Your luggage: A world traveler

by , SmarterTravel Staff
Editor's Note: This story was originally published on October 11, 2007. To see the most recent SmarterTravel articles on related topics, please click on any of the following links: airfare, car rental, cruise, disaster, Erica Silverstein, hotel, insurance, vacation package.

Sometimes, your luggage travels farther than you do. Here, Debbie B. tells us how she ended up with no luggage on a trip to the Galapagos.

"When we arrived in Guayaquil, Ecuador—no luggage! We filed a report, and were told it would be arriving on the same flight the next day and would be delivered to our hotel.


"At 7:30 p.m. the next day, we received a call saying one piece of luggage had arrived, but it was not going to be delivered. We would have to pick it up at the airport. The other three pieces had not been located. Since we were leaving for the Galapagos at 6:30 a.m. the next morning for five days, we needed clothing. The front desk hired us a private driver who spoke no English to take us to the Mall del Sol and the airport. Our driver was under the assumption the mall closed at 10 p.m. but this being a Sunday it closed at 8 p.m. At 7:45 p.m. we were racing down the streets of Guayaquil screaming at the driver, "Rapido!" As we dashed into the mall, the individual shops were locking up except for one, Tommy Hilfiger. We ran around the store like crazy people for about 30 minutes grabbing the necessities to carry us through the next five days. When a credit card was presented for payment, it was rejected, and we all begin to freak out. Another card was presented and thank goodness it went through this time. We spent $818 for 20 items.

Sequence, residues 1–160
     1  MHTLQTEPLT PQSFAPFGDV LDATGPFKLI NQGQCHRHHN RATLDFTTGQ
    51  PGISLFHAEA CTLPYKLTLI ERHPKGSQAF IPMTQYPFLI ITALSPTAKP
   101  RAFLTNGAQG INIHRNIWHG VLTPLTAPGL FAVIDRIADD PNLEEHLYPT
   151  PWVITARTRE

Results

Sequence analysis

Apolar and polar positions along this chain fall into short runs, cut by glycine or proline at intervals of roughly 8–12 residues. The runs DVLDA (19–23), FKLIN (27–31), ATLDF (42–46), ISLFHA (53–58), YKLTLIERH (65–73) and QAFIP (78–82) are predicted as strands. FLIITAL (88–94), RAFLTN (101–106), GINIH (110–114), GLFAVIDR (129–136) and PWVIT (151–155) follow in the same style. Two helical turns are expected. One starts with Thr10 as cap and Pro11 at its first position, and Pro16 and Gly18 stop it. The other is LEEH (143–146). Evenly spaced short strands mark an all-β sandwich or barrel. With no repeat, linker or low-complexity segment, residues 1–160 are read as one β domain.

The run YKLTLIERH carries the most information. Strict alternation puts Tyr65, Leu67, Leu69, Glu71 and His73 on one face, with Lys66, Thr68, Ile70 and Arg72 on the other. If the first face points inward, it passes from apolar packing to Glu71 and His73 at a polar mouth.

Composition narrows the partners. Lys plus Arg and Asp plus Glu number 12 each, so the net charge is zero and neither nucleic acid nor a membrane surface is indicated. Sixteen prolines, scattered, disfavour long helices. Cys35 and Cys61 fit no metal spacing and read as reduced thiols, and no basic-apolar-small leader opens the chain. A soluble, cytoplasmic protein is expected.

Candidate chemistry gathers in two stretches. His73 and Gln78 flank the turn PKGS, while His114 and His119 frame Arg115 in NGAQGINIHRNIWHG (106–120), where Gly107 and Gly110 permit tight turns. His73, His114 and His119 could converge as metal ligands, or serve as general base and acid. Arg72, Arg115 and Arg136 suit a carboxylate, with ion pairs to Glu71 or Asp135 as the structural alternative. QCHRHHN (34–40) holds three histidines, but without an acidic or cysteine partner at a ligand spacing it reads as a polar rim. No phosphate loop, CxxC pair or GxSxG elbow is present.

"Clothing in hand, we headed off to the airport to claim the one piece of luggage. But to claim luggage you must go through special security and hand over your driver's license to get a badge. The problem was when we arrived in Guayaquil, one in our party lost her mini-wallet with her and her husband's driver's licenses. They were denied access, which meant we had to run back and forth between the customer service area three floors up and the security desk obtaining information and signatures. The airline refused to provide us with anyone who spoke the least bit of English, so it took quite a while to communicate our issues. We were then told our other luggage would be arriving at midnight on another airline.

"At 11:30 p.m. our hotel again arranges for a private driver to take us back to the airport. Again, no luggage but we are asked if we would like to check out the storage area just in case. After walking all over the airport for 30 minutes we are shown a 10-square-foot room and no luggage. We arrive back at the hotel at 2 a.m. with a 5 a.m. wake-up call.

"Our luggage was finally located six days later, after we returned from the Galapagos. It went to Amsterdam instead of South America! And when one suitcase was opened, everything inside was soaking wet."

What to do

It's unfathomable to me why airlines can't keep better track of checked luggage, but your bags run the risk of getting lost each time you fly. You should always pack a change of clothes in your carry-on bag, and if you have items that are essential for your trip (such as boots for a hiking trip), you should always try to take those on the plane with you, as well.

Debbie and her friends were smart to buy new clothes, rather than hope the airline would come up with their bags before they left for the Galapagos. If your bags get lost and you urgently need to buy clothes, try to get the airline to agree to reimburse you. Make sure you get this promise in writing so you have concrete evidence when you go to seek compensation. The airlines don't technically owe you anything, and their contracts of carriage are vaguely worded on the subject of delayed or lost bags.

Better yet, when you're going on long trips with multiple components such as Debbie's South America vacation, be sure to book trip insurance, which will reimburse you for lost luggage if your airline won't do it. Just to be sure to read the fine print to find out what exactly you're entitled to claim.

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